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'Having a degree does not necessarily make you a better nurse'

  • 16 Comments

Tarnia Taverner looks at the differences between nursing in the UK and Canada, starting with the impact of an all graduate profession.

In the summer of 2009 I relocated to Vancouver BC, Canada with my family to take up the position of assistant professor in the School of Nursing at the University of British Columbia.

Vancouver is a wonderful city and driving into work is a pleasure rather than a chore, compared to driving to work in London its a breeze. My view on the way to work consists of mountains in front of me and the sea to my left.

So how did I go from my basic nurse training to working as assistant professor at the University of British Columbia?

I entered a registered general nursing program in the UK quiet a few years ago, at a small nursing school in the south of England. I had always wanted to be a nurse and have never regretted that decision. I thoroughly enjoyed my nurse training but at the time did think it should have been more academically informed. After many years as a clinical nurse working in many different areas, predominantly as a nurse specialist in pain management but also as a matron for a primary care trust, I chose the path of academia. I believe my clinical background will make me a better educator and researcher.

Nursing as a career has given me so much opportunity in so many ways. As far as I’m concerned nursing is a privilege, we should never take our work for granted and we should always be aware of the positive impact our work has on society. As nurses we enable the basics of human needs such as dignity, nutrition, hygiene, comfort and health maintenance. The basics of nursing should underpin everything we do as professionals. Without considering the basic needs of our patients’ we neglect the human principles of health and essentially life. Nursing is unique it requires us to become involved with people and assist people at their most venerable. Wherever we are in the world nursing will form a part of that society, nursing as a profession is essential to the health and success of any society. After all a society should be judged on how it cares for its most venerable citizens.

The nursing program at the University of British Columbia has been in place since 1919 and UBC was the first university in the British Empire to offer a nursing degree. It’s a popular course; we had over 400 applicants for 120 places this year.

What I find interesting is that no matter where you do nursing in the Western world, the same issues arise. Nursing shortages, health care cuts, waiting lists, etc…

One difference between nursing in the UK and nursing in Canada is the requirement that all nurses new to the profession enter with a nursing degree. The degree issue is particularly pertinent because the UK is moving into an all degree prepared profession. I believe this to be a positive move and one that I would support. However, it’s a difficult one; some of the best nurses I’ve had the pleasure to work with did not hold degrees. Having a degree does not necessarily make you a better nurse. However, it may make you better informed and would certainly address the issue of understanding evidence based nursing, which is crucial to all nursing professionals. Furthermore, as a degree prepared profession it gives the profession more kudos and equality amongst other healthcare professions.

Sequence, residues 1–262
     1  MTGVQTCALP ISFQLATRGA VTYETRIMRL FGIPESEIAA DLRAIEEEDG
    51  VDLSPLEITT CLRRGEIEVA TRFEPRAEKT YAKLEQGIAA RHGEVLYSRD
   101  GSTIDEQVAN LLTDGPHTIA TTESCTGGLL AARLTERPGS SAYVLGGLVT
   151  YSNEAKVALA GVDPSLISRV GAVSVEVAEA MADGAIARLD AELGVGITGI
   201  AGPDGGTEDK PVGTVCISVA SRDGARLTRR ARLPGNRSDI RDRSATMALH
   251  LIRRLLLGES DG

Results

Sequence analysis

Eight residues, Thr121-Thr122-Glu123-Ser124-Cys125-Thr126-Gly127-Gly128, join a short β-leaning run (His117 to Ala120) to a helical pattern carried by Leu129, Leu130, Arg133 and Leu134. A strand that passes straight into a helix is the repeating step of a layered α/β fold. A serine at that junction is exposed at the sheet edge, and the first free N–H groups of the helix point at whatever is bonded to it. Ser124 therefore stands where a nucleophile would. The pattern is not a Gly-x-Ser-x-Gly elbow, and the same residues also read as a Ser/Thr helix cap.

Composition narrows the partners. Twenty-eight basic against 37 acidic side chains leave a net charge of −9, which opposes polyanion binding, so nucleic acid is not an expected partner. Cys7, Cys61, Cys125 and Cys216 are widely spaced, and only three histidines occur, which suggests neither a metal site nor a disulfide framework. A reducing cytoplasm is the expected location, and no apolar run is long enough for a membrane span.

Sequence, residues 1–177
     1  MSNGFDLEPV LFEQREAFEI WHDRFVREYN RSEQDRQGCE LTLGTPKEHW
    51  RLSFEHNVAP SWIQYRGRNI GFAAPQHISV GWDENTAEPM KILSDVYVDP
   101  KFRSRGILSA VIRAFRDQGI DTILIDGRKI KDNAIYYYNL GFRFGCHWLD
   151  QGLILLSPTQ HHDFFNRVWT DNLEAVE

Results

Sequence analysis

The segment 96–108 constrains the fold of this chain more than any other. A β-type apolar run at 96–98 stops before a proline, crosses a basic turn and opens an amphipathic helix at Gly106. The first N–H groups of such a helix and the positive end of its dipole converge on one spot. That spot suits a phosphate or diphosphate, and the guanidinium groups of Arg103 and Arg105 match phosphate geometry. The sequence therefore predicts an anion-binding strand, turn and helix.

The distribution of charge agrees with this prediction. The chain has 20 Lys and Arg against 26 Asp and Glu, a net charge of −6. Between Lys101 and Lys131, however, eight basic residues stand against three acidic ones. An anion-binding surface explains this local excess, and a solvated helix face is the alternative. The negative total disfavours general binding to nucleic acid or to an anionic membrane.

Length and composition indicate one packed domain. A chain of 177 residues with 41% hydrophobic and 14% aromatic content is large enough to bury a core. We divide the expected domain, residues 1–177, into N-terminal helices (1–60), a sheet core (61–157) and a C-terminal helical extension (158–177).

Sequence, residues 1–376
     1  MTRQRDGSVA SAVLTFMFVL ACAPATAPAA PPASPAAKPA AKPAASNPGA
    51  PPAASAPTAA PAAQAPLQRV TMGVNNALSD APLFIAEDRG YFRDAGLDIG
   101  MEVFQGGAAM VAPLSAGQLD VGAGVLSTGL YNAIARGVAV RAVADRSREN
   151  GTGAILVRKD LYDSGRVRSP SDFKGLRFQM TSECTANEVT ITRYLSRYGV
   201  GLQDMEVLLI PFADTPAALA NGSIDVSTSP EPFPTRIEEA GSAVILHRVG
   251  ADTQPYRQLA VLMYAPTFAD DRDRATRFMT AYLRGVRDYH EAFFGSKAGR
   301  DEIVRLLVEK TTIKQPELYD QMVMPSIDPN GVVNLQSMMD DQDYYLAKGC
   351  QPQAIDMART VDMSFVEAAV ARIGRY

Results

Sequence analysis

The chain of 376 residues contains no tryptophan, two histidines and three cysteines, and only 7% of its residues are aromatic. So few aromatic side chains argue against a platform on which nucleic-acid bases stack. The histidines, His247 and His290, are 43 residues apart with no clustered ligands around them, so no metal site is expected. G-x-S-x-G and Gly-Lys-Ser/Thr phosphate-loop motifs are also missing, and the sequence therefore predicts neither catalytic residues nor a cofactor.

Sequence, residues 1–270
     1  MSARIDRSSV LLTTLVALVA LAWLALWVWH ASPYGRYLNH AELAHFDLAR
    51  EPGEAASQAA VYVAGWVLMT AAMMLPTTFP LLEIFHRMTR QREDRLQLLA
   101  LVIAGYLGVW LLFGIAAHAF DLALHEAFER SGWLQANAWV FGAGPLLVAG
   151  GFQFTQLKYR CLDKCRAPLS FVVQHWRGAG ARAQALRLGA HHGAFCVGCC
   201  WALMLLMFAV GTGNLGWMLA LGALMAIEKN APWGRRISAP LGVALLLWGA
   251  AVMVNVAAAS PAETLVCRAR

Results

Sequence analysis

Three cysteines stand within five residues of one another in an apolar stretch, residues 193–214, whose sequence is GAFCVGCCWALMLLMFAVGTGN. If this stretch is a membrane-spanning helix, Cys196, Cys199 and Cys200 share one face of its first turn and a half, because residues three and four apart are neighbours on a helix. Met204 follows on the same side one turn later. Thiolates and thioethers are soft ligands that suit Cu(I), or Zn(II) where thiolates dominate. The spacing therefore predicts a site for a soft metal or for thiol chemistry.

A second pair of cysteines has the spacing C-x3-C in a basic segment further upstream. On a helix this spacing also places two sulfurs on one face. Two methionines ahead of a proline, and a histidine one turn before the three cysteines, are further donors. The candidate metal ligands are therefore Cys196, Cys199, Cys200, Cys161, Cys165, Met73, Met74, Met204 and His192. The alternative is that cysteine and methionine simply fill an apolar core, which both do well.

This is very obvious when I observe nursing in Canada, they appear to have more respect as a profession and this is demonstrated by their pay and employment conditions. However, in some areas they don’t appear to have as much autonomy as we do in the UK, this is evident with regard to nurse prescribing and having to adhere to “doctor’s orders”.

Working in Canada is a wonderful experience for me, it has presented some challenges particularly with regard to the process of immigration. I am certainly “form fatigued”. Furthermore, one may assume same language, same culture, but this is not the case. Canadians may speak English but the culture is at times, worlds away from the UK culture. But then what is the UK culture, we are a mass of different cultures, very similar to British Columbia in-fact. Although as British citizens we share a love of chicken tikka massala and the great British comedy. Thank goodness for DVDs that’s all I can say, what would I do without my weekly dose of British comedy?

About the author

Tarnia Taverner is an assistant professor at the University of British Columbia, Vancouver.

  • 16 Comments

Readers' comments (16)

  • Oh god here we go again.

    Look, the current training programmes that have been around for the past two years, the diploma and the degree, have too little between them to really differentiate. In that respect no the degree is not better than the diploma.